Occasionally I will find that a sub-optimal answer has been selected by the OP as the accepted answer, when a much better answer exists. Sometimes I feel responsible to down-vote the selected answer to offset this*, so future readers might get some idea that, while accepted, and not necessarily a bad answer, this may not be the best answer. This is most clear when the accepted answer has low or no up-votes and a better answer has several.

In some of those cases, the OP later unaccepts the inferior answer and accepts the better answer. I think that in this case (and probably others I'm not thinking about presently) it would be useful if this could reset the vote timer - allowing me to undo my down-vote (and maybe even up-vote) simply based on the fact that the accepted status has changed, without having to manually ninja-edit (or obvious-edit) the answer. In my opinion this is still something that has changed about the answer, even if the content hasn't changed.

It's easy enough to just edit the answer to reset vote timers, but then the whole anonymity thing goes out the window. And I usually screw up the ninja edit.

I get that I am no longer judging the answer on its own, but I think that the little checkmark attached to the answer becomes a part of the answer, as it can certainly influence how future readers perceive the answer. Especially those coming from other forums, like MSDN, where the best answer is often selected by moderators, not an OP who might not really be able to judge the best answer.

  • Is it OK if I badger you and tell you that you're doing it right? But why wouldn't you just leave it downvoted, since it wasn't edited or improved in any way? – Cody Gray Jul 25 '13 at 13:56
  • @CodyGray sure, I don't mind that kind of badgering. I was just trying to pre-empt any tangential rants about how I should be using my votes, which is not the point of this question at all. :-) – Aaron Bertrand Jul 25 '13 at 13:56
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    In my opinion, whether an answer is accepted or not has no bearing on whether it is good or bad. If you are really sure that another answer is better, you can add a comment to the accepted saying why. – Fiona - myaccessible.website Jul 25 '13 at 13:58
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    @CodyGray because, as I tried to explain, my down-vote was used to signal other users that the wrong answer was accepted, not to punish the author for a bad answer (since, like I said, these aren't necessarily bad answers). If they also improve it, that would also factor into my decision (but that would reset the timer so irrelevant). Again, I DO NOT WANT TO DISCUSS the voting motivations themselves. It just takes away from the issue. – Aaron Bertrand Jul 25 '13 at 13:58
  • @codingkiwi.com can you PLEASE read the italics in the question again? I don't really care if you disagree with the way I use my down-votes (and I often do comment as well). It's not what I want to discuss here, and I am free to down-vote whether I think the answer is bad or whether I think the answer might not be the most useful answer for others. I just wanted to add context for the feature request. – Aaron Bertrand Jul 25 '13 at 13:59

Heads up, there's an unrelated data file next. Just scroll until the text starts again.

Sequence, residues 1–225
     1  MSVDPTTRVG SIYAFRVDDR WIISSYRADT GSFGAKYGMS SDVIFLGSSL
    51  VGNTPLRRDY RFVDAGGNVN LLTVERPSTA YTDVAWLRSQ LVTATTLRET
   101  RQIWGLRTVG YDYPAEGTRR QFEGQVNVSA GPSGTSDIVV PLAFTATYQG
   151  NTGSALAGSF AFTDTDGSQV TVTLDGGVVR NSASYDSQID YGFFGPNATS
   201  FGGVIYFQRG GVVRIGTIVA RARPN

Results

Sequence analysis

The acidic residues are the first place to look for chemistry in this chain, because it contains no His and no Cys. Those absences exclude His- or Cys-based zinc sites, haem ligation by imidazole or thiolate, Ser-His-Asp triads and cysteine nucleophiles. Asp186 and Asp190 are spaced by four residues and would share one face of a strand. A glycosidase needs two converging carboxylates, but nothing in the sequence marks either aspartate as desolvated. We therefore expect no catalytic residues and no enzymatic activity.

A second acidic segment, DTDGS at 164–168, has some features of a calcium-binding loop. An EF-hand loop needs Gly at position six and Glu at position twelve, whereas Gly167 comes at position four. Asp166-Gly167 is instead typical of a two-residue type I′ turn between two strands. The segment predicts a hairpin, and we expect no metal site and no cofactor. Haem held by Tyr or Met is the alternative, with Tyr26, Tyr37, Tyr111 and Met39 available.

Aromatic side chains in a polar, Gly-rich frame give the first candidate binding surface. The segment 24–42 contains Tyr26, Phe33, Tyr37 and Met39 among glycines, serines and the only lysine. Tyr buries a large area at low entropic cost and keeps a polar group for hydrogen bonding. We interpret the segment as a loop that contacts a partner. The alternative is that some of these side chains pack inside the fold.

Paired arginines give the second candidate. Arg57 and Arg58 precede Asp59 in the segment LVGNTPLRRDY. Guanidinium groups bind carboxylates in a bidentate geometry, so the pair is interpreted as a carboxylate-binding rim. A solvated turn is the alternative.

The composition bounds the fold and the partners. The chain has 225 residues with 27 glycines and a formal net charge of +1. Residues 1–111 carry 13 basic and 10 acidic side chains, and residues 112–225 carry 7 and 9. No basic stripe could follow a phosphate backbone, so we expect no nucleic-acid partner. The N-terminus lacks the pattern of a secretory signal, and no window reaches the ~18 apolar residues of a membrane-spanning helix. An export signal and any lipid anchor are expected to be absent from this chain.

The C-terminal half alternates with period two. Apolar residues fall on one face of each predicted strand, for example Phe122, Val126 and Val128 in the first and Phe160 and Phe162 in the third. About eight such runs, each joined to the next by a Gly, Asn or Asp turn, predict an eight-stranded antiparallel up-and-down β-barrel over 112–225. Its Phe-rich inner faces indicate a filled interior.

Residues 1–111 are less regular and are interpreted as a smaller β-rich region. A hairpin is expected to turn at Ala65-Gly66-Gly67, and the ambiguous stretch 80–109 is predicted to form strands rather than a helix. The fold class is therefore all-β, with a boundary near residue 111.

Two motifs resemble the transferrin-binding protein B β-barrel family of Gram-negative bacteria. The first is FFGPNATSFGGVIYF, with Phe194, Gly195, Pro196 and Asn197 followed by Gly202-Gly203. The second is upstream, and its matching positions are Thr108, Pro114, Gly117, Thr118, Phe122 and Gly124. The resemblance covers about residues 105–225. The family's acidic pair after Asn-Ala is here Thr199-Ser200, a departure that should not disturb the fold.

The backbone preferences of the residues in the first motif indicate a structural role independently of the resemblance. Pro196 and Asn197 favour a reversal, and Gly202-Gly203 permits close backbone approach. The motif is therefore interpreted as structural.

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    I don't think it does take away from the issue, personally. You're saying "this is how I do it", which is fine. But then you're saying "the site should be changed to help the way I do it", which does make the reason part of the discussion IMO. – Fiona - myaccessible.website Jul 25 '13 at 14:01
  • @codingwiki.com why? If accept/unaccept simply resets the voting timer, why does it matter WHY a vote existed or WHY a voter might later decide to change their vote? I'm merely asking for that status change to reset the timer. Period. – Aaron Bertrand Jul 25 '13 at 14:03
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    Because the fact that it was accepted / not accepted should not influence your own decision on good / bad, regardless of what the intention is to up or downvote based on that change – Fiona - myaccessible.website Jul 25 '13 at 14:05
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    @codingkiwi.com I think that you can focus on the feature requested here and give an opinion on why you think it's good or a bad feature without going into the voting pattern used by Aaron, which is effectively taking away of the issue presented – Lamak Jul 25 '13 at 14:06
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    I have no problem whatsoever with your down vote system. It's not what I would do but that is OK. I am referring to the feature request and saying I don't see why accept/unaccept is a significant enough event to reset the vote timer. – Fiona - myaccessible.website Jul 25 '13 at 14:08
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    @codingkiwi.com fair enough, but if you see your comments, this is the first one where you actually say something about reseting the vote timer at all – Lamak Jul 25 '13 at 14:10
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    It seems to me that the justification for this feature request is based on your unique voting preferences. I can't/won't tell you that what you're doing is right or wrong, but to try and put them "off limits" for discussion is counter-productive to having this feature request approved. If the team is going to take time to implement this, they're going to need a good reason. Right now, I don't see that reason. – Cody Gray Jul 25 '13 at 14:13